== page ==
Thanks for the answers. See below.
You don't mention monitor luminance - it actually sounds like the luminance is too low.
(Just for clarification: there is no one luminance setting for everyone - it really does matter what the editing environment is like.)
As for being warmer that may be an issue of the luminance or something else.
I cannot adjust luminance (or temperature for that matter) on my "shitty display", just brightness and contrast. One of the reasons I was thinking of upgrading.
Face it bud, you have a shitty display...and the Spyder 2 colorimeter ain't what I would call "bleeding edge" either. You have a very, very poor display environment...not at all surprised soft proofing isn't optimal for you. Odds are, you really have no clue what you are looking at on screen-let alone when you turn on soft proofing.
Thanks bud, but please don't feel you have to hold back...
Perhaps I should have made it clear to everybody that the comparison between print and on-screen is not hugely different and that all colors for a particular comparison image are in gamut for the print. In fact if anything the prints are more satisfying (more contrast, less flat) than the soft proof display. Moreover the print is closer to the displayed image without soft proofing than to the soft proof.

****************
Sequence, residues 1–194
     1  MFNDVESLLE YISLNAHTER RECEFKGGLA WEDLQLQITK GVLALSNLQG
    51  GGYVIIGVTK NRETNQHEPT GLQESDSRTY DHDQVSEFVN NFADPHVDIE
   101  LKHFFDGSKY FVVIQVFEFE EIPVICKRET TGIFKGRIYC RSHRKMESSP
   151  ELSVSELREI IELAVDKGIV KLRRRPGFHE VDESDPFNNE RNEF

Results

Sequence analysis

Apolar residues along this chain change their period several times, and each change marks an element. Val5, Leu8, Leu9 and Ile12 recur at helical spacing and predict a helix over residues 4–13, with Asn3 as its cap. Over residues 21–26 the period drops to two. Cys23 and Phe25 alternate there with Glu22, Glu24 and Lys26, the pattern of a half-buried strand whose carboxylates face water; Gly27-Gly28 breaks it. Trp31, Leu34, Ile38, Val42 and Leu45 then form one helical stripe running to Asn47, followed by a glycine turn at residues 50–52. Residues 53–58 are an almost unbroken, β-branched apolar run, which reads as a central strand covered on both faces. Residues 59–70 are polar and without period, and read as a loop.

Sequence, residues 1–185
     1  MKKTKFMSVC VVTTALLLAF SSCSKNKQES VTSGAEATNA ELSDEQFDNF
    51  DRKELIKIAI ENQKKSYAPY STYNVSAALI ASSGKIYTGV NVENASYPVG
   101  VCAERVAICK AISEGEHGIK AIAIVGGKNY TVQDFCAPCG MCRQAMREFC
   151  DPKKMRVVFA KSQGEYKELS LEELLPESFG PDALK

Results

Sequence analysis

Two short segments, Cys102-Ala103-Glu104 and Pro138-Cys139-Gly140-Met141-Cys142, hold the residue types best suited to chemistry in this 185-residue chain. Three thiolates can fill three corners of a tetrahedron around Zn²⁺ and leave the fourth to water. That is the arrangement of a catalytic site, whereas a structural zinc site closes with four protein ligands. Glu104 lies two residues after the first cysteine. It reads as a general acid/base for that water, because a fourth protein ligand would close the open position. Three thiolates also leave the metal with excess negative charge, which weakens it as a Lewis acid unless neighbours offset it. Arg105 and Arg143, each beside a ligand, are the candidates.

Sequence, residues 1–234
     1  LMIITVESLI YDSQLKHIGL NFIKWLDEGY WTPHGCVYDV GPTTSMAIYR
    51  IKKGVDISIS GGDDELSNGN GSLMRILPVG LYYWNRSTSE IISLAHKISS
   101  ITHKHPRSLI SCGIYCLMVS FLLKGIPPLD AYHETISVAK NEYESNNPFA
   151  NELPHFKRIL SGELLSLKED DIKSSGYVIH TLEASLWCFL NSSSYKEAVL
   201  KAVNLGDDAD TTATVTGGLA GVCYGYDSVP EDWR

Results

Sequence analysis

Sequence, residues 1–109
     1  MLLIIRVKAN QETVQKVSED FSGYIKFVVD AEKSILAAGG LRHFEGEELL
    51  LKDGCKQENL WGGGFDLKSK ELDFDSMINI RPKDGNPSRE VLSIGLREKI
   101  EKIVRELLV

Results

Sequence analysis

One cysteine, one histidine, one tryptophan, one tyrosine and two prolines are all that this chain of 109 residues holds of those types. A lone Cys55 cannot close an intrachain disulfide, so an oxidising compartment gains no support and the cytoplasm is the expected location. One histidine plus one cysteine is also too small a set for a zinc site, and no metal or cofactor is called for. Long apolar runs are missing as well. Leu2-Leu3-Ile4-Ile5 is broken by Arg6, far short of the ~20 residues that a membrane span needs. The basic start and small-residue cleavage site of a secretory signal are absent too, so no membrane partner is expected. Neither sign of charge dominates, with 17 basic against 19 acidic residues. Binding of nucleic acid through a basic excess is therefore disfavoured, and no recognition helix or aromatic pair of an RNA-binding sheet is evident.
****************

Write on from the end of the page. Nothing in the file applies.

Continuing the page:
But, help me please to understand something about the quality of the monitor before I throw a lot of money I cannot afford at a new monitor.
Even if the Spyder 2 is not bleeding edge, it presumably gave relatively decent results when it came out several years ago, given that it was a less expensive version of the Spyder 3 (which I think was geared toward professional use) ie its not entirely a wast of money. I am able to adjust the RGB channels using the colorimeter to well within the specified tolerances of the colorimeter. (Adjusting brightness and contrast is somewhat subjective, but then again when I played with these as an experiment while comparing printed image and soft proof it did not change much in terms of accuracy).
So given that I can create an "accurate" profile what is it about the "shitty display" that affects the accuracy of the colors themselves? Otherwise said, I would have thought it would not be possible to calibrate a shitty display to within the tolerance of the colorimeter....otherwise what is the point? What is the combination of colorimeter/display that I am missing? This is not something I have found in the books.
BTW, can you recommend a reasonably priced display or display/colorimeter combination.
It won't make a huge difference yet still you have to custom profile your printer in order to have an optimal matching.
It should have been mentioned in that ton of books and articles at least ten times.
True. But it depends on how old the book is relative to the technology. I have seen it mentioned several times in these forums that "canned" profiles available from the manufacturer for relatively high end printers are quite excellent these days and so do not want to go down the custom profile route until I exhaust everything else.